2. Room Service should be positioned as a service of the restaurant, not a service o the hotel. Yes, in some instances Room Service is truly unique, with a different staff and different kitchen than the restaurant. But in most cases, when it comes to Room Service, we fail to leverage all of the internal marketing we’ve done for our restaurants and bars. We don’t use restaurant and bar logos, we don’t talk about the restaurant Chef and we don’t do anything to indicate that the Chef even knows that his or her food sometimes goes to the rooms (how about: “We have prepared this Signature from our restaurant kitchen specifically for our Room Service Guests”, etc.)

    This is Also an Outlet

  3. Performing “competitive shops” at other hotels. So you really think your guest leaves the hotel for dinner and walks or drives…to another hotel? A competitive survey should determine where guests eat and/or drink when they don’t eat/drink at your bars and restaurants. Your employees and your regular guests can both tell you this. Ask them.
  4. Hotel web sites. My recent “Banana” blog addresses the need for independent web sites for your bars and restaurants. But how about the hotel web site? I actually think that the driver of “culture of outlets” here is space: “dining” is a 6-character word. “Restaurants & Bars” is 18 spaces. The same culture at work, I think, that figures it’s OK to use “Events” as a placeholder for “Weddings”. Reorganize the site, make the space.

Please let me know what words or phrases you think might work better than “outlets”.

Those are my thoughts, let me know yours.

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When Selling the Right Thing is the Wrong Thing

Once last month I was thinking too hard and managed to work myself right into a contradiction. I was at a property roughly 75 miles from Wine Country.  I was congratulating management on their wine promotion, a simple but effective Best Practice, how I reported it. I was also congratulating myself on congratulating management as this would reinforce the Company’s excellent wine sales culture that I had supported in previous reports and meetings.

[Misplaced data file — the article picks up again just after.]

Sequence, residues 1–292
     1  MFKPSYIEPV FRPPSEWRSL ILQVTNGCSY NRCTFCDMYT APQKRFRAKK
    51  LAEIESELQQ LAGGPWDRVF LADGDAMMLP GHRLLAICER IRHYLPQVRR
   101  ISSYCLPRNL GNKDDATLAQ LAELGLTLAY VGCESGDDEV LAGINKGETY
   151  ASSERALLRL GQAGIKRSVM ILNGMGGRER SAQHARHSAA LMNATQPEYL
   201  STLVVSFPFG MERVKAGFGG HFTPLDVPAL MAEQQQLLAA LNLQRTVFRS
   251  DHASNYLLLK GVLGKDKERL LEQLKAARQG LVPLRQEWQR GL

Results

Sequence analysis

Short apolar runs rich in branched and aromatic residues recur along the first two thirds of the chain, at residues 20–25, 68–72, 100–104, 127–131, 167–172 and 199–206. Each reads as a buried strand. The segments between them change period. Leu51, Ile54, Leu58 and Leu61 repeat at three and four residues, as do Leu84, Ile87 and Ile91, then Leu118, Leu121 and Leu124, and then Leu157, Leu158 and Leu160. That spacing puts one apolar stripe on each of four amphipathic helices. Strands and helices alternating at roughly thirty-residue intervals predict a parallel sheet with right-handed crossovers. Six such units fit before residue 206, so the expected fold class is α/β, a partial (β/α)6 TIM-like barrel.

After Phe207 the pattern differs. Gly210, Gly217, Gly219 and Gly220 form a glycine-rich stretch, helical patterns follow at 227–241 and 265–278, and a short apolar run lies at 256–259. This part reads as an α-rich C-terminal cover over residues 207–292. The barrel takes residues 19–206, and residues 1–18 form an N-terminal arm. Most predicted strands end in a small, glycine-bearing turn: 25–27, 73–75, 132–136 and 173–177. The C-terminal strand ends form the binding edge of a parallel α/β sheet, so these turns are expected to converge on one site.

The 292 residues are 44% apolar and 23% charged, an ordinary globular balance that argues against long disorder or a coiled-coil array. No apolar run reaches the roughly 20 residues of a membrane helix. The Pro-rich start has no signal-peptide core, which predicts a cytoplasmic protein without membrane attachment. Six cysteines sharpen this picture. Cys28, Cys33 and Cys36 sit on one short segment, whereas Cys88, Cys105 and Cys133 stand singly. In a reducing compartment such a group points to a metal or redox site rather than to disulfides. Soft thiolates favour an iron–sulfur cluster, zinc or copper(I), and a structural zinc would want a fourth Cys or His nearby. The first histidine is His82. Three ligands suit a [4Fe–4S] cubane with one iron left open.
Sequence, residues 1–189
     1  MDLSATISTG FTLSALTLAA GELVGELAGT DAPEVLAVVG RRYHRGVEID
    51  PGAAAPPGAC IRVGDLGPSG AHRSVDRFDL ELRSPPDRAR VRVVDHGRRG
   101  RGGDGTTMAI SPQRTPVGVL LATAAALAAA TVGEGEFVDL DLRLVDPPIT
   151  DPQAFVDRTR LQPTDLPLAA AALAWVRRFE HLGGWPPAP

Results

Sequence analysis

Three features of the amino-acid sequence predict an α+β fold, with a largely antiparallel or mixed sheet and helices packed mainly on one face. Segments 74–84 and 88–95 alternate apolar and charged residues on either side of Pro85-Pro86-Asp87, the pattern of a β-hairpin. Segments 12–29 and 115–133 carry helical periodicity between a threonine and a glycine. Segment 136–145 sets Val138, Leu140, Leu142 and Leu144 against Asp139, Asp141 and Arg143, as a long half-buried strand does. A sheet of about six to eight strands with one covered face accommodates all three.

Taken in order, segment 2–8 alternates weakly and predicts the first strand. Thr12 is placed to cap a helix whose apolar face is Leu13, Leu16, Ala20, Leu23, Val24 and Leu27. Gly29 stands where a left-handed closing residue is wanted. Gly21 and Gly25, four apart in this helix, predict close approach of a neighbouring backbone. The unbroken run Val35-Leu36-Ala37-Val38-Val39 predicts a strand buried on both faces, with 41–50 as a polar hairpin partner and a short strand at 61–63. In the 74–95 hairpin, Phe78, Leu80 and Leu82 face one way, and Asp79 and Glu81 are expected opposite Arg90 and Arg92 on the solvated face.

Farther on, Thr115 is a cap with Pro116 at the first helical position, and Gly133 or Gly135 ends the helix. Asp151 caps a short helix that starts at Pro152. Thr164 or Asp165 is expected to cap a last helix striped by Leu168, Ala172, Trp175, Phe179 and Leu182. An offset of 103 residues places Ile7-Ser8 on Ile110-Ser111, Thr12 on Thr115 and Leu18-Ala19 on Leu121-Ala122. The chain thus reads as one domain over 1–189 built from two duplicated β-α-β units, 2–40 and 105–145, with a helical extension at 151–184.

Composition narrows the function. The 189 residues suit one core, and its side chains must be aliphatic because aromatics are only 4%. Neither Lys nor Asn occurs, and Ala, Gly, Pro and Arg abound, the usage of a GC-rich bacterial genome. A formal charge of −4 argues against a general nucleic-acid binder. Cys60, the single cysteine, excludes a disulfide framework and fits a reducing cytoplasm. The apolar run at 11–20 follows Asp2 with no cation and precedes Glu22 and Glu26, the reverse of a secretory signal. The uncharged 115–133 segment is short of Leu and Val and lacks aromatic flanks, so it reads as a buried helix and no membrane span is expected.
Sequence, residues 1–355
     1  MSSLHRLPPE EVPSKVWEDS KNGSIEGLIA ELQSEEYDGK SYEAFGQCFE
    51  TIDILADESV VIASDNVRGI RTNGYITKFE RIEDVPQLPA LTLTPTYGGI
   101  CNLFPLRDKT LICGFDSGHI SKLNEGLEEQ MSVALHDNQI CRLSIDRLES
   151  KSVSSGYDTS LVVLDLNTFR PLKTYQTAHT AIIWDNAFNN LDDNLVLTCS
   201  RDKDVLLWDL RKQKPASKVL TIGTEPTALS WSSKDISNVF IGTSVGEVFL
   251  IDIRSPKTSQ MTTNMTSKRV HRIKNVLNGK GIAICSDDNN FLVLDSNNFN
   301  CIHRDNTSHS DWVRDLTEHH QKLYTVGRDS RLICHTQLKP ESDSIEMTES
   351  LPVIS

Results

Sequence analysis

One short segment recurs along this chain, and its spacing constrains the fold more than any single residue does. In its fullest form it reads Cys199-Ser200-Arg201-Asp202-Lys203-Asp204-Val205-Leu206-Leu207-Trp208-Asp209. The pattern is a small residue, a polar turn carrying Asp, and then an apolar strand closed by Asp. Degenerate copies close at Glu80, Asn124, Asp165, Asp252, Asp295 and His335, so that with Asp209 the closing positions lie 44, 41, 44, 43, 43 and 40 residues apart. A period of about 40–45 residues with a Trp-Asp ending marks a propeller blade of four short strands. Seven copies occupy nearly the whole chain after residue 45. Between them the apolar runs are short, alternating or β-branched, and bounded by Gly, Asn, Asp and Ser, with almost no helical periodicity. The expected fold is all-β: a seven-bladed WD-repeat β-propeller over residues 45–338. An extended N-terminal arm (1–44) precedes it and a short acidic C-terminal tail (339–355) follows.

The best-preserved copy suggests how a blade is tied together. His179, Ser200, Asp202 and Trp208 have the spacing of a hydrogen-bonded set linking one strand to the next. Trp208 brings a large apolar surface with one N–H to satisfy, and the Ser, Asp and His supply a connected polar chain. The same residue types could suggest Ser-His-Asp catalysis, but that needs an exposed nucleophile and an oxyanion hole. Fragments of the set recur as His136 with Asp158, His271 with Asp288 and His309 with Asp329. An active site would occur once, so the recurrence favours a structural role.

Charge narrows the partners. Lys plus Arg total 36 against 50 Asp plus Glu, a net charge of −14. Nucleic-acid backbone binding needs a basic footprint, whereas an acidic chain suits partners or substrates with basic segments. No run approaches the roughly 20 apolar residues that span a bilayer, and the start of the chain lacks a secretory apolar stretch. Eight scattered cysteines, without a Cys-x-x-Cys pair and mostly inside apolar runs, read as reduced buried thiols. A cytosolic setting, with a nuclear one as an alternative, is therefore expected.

Regrettably, while compiling the report I encountered a sinister force trying to destroy the superb writing and brilliant conclusions of my masterful report: data. Oops. 

Turns out, the customer didn’t follow the well-merchandised direction: “drink more wine…drink more wine…” This is the thing about customers, that just when you expect them to do just one simple thing…well, you know.

Previously I had looked at sales, or the beverage mix. So, the spirits-beer-wine mix might be 30% – 32% – 38%. Great, we’re selling more wine. Keep it up. Promote wine. Good job. Report emailed.

Then I stumbled across some additional information. By “stumbled across” I mean I decided to look at the other data contained in the sales mix report. The other data was “number of items sold” though it wasn’t labeled clearly and this will continue to be my excuse for missing it first time around.

So, it turns out, incidents of beer sales surpass, significantly, incidents of spirits or wine sales in the lounge. Of course spirits and wine sales are critical and must be promoted, but promoted strategically. In fact wine sales and incidents of wine sales dominate room service beverage, for example.